In light of these policy provisions, the trial court’s grant of Sadler’s motion for summary judgment was error. “It is generally held that the motion should not be granted unless it is perfectly clear that no issue of fact is involved and inquiry into the facts is not desirable to clarify the application of the law.” Dendy v. Watkins, 288 N.C. 447, 452, 219 S.E.2d 214, 217 (1975) (emphasis added) (citation and quotation marks omitted). Here, further inquiry into the factual context of Sadler’s losses and the appraisal award is necessary to determine: (1) which damages were directly caused by wind and covered under the policy; and (2) which parts of the wind-related damages, if any, were directly caused by mold growth and thus limited to a specific maximum amount of fungi coverage under the policy. Accord*184ingly, the trial court erred in granting partial summary judgment in favor of Sadler because genuine issues of material fact must be resolved before the loss covered by the policy can be determined. Although we express no opinion on the final determination of coverage, “when, as here, the facts and circumstances surrounding a claim — especially causation — remain in dispute,” the finder of fact must “determine whether the ultimate cause of the claimed damages falls within the scope of the policy’s exclusionary provisions, as defined by the trial court.” Markham v. Nationwide Mut. Fire Ins. Co., 125 N.C. App. 443, 453, 481 S.E.2d 349, 355, disc. rev. denied, 346 N.C. 281, 487 S.E.2d 551 (1997) (citations omitted); see also Wood v. Mich. Millers Mut. Fire Ins. Co., 245 N.C. 383, 384-85, 96 S.E.2d 28, 29-30 (1957) (“The evidence was sufficient to permit the jury to reach the conclusion that the damage to the building was the result of any of three conditions.... It was the duty of the court to declare the law applicable to each factual situation which the jury might accept as correct.”); 17 Lee R. Russ & Thomas F. Segalla, Couch on Insurance 3d § 246:10, at 246-26 (Dec. 2000) (“Generally,... whether the loss ... was caused by a covered risk is a question for the jury. Similarly, whether . . . the loss falls within a policy definition is a question of fact.” (footnote and citation omitted)).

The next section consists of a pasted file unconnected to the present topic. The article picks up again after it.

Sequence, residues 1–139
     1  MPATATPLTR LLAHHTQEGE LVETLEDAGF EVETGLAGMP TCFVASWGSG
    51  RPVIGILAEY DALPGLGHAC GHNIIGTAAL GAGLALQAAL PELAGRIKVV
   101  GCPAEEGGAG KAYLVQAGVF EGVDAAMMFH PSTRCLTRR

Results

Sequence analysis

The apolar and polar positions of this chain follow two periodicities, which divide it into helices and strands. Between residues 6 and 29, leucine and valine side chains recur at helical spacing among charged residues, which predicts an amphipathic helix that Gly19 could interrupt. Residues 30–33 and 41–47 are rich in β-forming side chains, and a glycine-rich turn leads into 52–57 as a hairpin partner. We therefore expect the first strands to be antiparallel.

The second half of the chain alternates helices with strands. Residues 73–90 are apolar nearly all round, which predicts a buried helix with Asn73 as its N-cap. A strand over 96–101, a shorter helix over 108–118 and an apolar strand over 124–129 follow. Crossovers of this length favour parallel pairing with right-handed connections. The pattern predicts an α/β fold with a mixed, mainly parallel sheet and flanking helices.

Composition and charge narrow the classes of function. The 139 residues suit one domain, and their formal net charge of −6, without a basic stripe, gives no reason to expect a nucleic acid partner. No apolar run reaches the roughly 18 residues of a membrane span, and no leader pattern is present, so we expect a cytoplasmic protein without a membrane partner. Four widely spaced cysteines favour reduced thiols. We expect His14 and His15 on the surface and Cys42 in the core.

We therefore reverse the decision of the Court of Appeals and remand this case to that court for further remand to the trial court for further proceedings not inconsistent with this opinion.